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# request graph algorithmic

Posted on 2004-08-06
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Do you know Friendster or Orkut, a social networking connected people together, I'm interesting some algorithm in the site:

Can anybody tell me how to calculate quickly to determined the count of people in everyone's personal networking. I think the breadth first search is very slowly.
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Question by:walkdan
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LVL 11

Expert Comment

ID: 11739304
By personal network you mean the connected component (of the social network graph) that the person is in, right? That is, the count of people that can be reached through "associate" links.

I am making sure I understand what you are asking for.

-bcl
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Author Comment

ID: 11741061
The count of people is calucalte 4 degree. for example, My 1 degree of people is direct connected to me, 2 degree of people is connected through one people. how many people in my 4 degree networking.
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LVL 11

Expert Comment

ID: 11742952
How often is the graph changed? I ask because I think breadth-first is the best solution (especially a depth-limited breadth-first search). If the graph changes regularly, then you can do the search at the moment of query. If the graph is MOSTLY static, that is there are lots and lots of queries you can update the count when you insert a node or add a connection (again, depends on the relative frequency of operations).

Other thoughts:
It is possible to keep a list of distance n neighbors (probably not too space intensive) though in social networks there is a large percentage of the graph at distance 4. Probably easier to just keep the count (perhaps as a count at each distance).

-bcl
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LVL 17

Accepted Solution

davebytes earned 125 total points
ID: 11743383
Generally, each node stores the number of exit paths.  So at degree 1, you know your count, degree 2, you follow out each path and get their counts and add them, etc.

Breadth vs depth doesn't really make a difference, as in all of these programs (that I've seen), the numbers are approximate -- i.e., I don't know that they eliminate duplicate friends from counts.  And, since they only tell you to degree 4 or so anyway, the search doesn't take that long.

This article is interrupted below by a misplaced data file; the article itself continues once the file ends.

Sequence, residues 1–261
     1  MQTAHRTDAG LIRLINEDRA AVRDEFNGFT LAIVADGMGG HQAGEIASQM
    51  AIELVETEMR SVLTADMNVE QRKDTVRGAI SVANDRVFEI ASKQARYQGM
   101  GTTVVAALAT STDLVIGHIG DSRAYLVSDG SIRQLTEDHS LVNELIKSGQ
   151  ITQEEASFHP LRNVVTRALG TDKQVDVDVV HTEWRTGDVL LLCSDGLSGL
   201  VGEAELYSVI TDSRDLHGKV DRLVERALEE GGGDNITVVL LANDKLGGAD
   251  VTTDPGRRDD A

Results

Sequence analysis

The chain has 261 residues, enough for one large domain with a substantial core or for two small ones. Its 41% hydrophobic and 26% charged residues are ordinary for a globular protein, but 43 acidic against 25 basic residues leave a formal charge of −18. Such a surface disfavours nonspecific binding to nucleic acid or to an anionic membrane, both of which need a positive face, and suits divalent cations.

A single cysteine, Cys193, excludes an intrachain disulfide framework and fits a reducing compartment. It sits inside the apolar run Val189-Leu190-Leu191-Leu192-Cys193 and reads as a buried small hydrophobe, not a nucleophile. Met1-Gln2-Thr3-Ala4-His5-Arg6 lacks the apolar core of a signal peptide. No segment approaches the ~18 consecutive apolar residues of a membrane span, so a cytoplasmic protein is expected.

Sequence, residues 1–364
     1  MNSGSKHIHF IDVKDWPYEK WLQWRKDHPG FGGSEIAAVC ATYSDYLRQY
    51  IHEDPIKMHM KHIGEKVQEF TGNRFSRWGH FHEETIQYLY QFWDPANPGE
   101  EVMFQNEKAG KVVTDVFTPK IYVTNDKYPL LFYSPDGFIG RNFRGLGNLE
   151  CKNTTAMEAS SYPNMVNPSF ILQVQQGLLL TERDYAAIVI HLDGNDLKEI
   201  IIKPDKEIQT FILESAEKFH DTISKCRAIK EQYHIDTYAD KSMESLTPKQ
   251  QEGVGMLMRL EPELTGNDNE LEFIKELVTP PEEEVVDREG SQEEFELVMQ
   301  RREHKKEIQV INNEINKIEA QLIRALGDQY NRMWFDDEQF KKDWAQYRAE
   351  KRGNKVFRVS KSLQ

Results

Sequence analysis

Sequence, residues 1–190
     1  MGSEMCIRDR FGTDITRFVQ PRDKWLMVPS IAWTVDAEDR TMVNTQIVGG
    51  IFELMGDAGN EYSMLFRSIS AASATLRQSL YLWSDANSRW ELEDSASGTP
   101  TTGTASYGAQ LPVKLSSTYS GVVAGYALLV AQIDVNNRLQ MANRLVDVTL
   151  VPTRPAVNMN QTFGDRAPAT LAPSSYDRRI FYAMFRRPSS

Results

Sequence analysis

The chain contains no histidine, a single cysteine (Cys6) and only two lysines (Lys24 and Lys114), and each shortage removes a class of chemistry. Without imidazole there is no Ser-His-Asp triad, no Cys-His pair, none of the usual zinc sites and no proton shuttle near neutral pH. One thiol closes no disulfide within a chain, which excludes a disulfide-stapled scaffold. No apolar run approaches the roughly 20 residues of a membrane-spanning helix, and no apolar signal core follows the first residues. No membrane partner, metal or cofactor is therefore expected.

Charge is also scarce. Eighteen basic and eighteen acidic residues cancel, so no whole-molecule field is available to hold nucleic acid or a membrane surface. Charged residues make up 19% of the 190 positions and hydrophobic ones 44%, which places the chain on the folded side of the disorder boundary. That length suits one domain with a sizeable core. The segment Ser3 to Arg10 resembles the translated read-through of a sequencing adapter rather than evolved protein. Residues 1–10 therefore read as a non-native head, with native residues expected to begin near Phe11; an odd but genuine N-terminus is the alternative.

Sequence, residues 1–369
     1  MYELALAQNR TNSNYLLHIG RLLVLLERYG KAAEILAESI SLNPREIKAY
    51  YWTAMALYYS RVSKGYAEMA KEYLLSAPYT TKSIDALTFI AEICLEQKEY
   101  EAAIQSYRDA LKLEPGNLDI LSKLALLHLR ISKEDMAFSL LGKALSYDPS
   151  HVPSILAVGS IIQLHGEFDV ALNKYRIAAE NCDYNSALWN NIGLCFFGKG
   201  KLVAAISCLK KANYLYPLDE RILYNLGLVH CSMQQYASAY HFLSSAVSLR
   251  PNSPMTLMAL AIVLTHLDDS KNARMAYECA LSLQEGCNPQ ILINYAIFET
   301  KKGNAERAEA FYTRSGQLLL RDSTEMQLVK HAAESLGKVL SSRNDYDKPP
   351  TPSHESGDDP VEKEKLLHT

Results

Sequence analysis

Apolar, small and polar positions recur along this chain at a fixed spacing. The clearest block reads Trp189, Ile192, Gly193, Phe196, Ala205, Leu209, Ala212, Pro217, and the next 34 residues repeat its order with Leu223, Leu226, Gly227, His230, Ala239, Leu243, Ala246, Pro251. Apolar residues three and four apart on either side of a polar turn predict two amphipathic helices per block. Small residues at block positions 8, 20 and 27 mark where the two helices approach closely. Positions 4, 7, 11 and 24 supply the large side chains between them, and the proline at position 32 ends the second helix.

It is also possible that these systems actually store both degree 1 AND degree 2 counts at every node (updates to one node push to all connected), so that traversal/calc is THAT much faster.

-d
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Author Comment

ID: 11745405
The count can precalculated and store to database, when user request the count, just pick it from database and return immediately.

But the precalculation is also unefficient if do breadth-frist travel every time to get everyone's count.
Can way get the counts only one or several travel times.
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LVL 11

Assisted Solution

ID: 11746570
(1) Depth-first versus breadth-first traversal will vist the same number of nodes (assuming it is not depth limited, each will visit every node in the connected component where the search starts). If answers are approximate, precalculating the depth 2 numbers means that you can get the "number" you want with a breadth first sum of depth 2 friends of your friends' friends.

(2) Pre-calculation is not that expensive IF updates are relatively rare. Yes, pushing the change through 4 layers is expensive but if you think about it you really only update when a new connection is added (or one is removed) and that means that we are really already 1 ply down in the graph (we know the new friend). If we're not worried about overcounting, we can just move down to all their friends, their friends' friends, and their friends' friends' friends, counting them AND incrementing their counts (we added a new friend to the group). If we're worried about overcounting, then we need some list of all of the members of the group and that would require calculating _or_storing it. That is a full depth 4 traversal OR a fair amount of storage. We can use a depth 2 set of friends  to quickly build the depth 4 set (just union all the depth 2 neighbor's depth 2 sets, counting on union to handle duplicates).

-bcl
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